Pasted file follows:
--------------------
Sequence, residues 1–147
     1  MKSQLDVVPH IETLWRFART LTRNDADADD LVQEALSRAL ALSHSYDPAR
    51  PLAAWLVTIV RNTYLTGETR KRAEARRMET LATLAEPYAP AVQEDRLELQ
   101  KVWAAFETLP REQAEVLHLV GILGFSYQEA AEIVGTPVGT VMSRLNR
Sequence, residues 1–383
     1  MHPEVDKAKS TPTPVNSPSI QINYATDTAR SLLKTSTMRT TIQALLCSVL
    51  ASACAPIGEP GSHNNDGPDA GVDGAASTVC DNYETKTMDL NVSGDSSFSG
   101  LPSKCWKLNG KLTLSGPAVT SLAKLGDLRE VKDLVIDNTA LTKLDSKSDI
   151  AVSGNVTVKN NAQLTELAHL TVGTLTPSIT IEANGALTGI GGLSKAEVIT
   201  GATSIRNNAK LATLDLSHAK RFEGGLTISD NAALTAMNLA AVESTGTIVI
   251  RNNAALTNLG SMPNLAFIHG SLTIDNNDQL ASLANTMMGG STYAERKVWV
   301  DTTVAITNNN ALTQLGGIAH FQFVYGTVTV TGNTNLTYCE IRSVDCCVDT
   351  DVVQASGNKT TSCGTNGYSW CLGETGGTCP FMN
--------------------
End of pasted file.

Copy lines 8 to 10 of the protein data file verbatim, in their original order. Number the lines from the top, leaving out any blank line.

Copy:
   101  LPSKCWKLNG KLTLSGPAVT SLAKLGDLRE VKDLVIDNTA LTKLDSKSDI
   151  AVSGNVTVKN NAQLTELAHL TVGTLTPSIT IEANGALTGI GGLSKAEVIT
   201  GATSIRNNAK LATLDLSHAK RFEGGLTISD NAALTAMNLA AVESTGTIVI